Creative, yes. But for me, these creations aren’t craveable, and that was the ultimate criterion for a recipe to make it into this book. It needs to be something you crave. Or can’t get enough of. The way for me to judge what is craveable is to start with what I crave. If you want to thrill me, give me a perfect brownie, dense, fudgy, and packed with quality chocolate; a tender, lightly browned shortbread cookie made with French butter; or a strawberry- rhubarb pie that tastes like the essence of springtime. Nothing excites me more than when I bite into one of these familiar treats only to discover that it has been done to perfection. This book is a collection of those superb recipes.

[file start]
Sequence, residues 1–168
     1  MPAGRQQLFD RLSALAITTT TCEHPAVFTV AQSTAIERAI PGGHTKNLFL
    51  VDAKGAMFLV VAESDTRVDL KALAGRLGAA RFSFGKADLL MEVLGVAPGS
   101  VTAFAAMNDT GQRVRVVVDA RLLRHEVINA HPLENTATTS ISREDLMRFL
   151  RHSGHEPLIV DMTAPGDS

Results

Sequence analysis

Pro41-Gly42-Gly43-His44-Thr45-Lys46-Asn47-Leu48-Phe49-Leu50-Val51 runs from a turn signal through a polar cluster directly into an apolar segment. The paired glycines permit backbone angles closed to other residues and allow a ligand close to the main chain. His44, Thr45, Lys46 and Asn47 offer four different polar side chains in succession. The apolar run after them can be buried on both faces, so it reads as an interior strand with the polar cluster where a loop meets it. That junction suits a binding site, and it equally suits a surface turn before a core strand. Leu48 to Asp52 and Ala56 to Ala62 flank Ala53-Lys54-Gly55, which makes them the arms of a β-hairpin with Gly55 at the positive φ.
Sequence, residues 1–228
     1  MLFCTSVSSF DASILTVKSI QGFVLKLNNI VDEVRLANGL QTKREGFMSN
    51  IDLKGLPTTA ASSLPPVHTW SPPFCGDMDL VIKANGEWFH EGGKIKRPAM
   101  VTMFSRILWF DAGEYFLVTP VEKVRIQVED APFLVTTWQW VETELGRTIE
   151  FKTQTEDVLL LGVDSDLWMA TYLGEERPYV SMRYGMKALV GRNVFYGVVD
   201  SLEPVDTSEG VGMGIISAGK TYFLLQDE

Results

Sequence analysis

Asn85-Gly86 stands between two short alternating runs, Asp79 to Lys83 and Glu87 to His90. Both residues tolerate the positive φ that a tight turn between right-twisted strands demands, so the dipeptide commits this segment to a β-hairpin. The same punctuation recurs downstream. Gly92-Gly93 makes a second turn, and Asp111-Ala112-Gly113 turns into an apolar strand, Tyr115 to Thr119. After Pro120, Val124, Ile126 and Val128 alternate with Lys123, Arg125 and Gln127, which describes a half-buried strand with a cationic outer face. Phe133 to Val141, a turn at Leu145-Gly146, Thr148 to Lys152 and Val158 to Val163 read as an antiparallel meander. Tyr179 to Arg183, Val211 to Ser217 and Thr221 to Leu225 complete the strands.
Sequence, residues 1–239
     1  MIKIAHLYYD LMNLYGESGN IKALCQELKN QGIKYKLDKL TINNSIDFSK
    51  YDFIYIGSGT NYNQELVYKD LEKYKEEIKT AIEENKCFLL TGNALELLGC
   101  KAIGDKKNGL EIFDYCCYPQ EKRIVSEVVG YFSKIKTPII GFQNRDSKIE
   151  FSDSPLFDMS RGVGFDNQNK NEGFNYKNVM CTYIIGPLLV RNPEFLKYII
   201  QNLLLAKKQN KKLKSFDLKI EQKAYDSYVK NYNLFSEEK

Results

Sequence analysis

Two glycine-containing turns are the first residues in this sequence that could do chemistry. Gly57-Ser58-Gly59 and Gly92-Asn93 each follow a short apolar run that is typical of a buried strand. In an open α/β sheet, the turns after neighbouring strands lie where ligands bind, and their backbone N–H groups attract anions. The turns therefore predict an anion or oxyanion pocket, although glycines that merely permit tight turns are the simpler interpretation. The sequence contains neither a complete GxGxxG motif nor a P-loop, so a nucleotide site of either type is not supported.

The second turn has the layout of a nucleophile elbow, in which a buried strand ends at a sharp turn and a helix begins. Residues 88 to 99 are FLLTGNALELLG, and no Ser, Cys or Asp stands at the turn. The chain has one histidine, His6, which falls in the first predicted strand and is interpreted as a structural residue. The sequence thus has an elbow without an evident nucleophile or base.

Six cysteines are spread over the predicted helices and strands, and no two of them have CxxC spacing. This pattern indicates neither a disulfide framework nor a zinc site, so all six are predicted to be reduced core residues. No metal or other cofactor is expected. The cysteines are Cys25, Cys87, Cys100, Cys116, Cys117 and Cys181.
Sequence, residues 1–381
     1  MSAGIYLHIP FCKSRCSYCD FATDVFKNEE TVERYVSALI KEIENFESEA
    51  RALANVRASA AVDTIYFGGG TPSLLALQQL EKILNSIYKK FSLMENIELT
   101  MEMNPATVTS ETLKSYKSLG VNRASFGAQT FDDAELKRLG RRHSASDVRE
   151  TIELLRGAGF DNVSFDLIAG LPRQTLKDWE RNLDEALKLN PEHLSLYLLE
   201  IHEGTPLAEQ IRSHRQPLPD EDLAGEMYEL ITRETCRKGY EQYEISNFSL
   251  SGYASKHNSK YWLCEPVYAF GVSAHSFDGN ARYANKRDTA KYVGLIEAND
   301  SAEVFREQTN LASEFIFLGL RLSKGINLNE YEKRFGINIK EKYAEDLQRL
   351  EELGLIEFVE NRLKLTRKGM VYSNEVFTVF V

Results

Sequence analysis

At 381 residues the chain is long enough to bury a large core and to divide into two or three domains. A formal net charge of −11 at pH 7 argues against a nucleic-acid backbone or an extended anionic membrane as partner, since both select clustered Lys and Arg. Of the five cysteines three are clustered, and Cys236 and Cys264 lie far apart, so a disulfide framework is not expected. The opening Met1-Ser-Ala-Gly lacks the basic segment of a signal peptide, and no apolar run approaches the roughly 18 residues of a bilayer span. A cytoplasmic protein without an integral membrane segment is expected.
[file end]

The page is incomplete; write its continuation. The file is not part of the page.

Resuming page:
Maple pecan slice-and-bake butter cookies
Of all the butter cookies in this book, this is my favorite. They’re delicious made with any pure maple syrup, but using an artisanal variety, aged in oak, takes them to yet another level.
Makes about 30 cookies
For the dough:
- 210 grams (heaping 2 cups) pecan halves
- 1 extra-large egg yolk
- 37.5 grams (2 tablespoons) artisanal maple syrup (preferably barrel-aged)
- 1 tablespoon pure vanilla bean paste or vanilla extract
- 226 grams (2 sticks) cold unsalted butter, cubed
- 100 grams (½ cup) granulated sugar
- 1 teaspoon Diamond Crystal kosher salt
- 298 grams (2 cups plus 2 tablespoons) unbleached all-purpose flour
- 1 extra-large egg white
- Adjust an oven rack to the center position and preheat the oven to 325°F.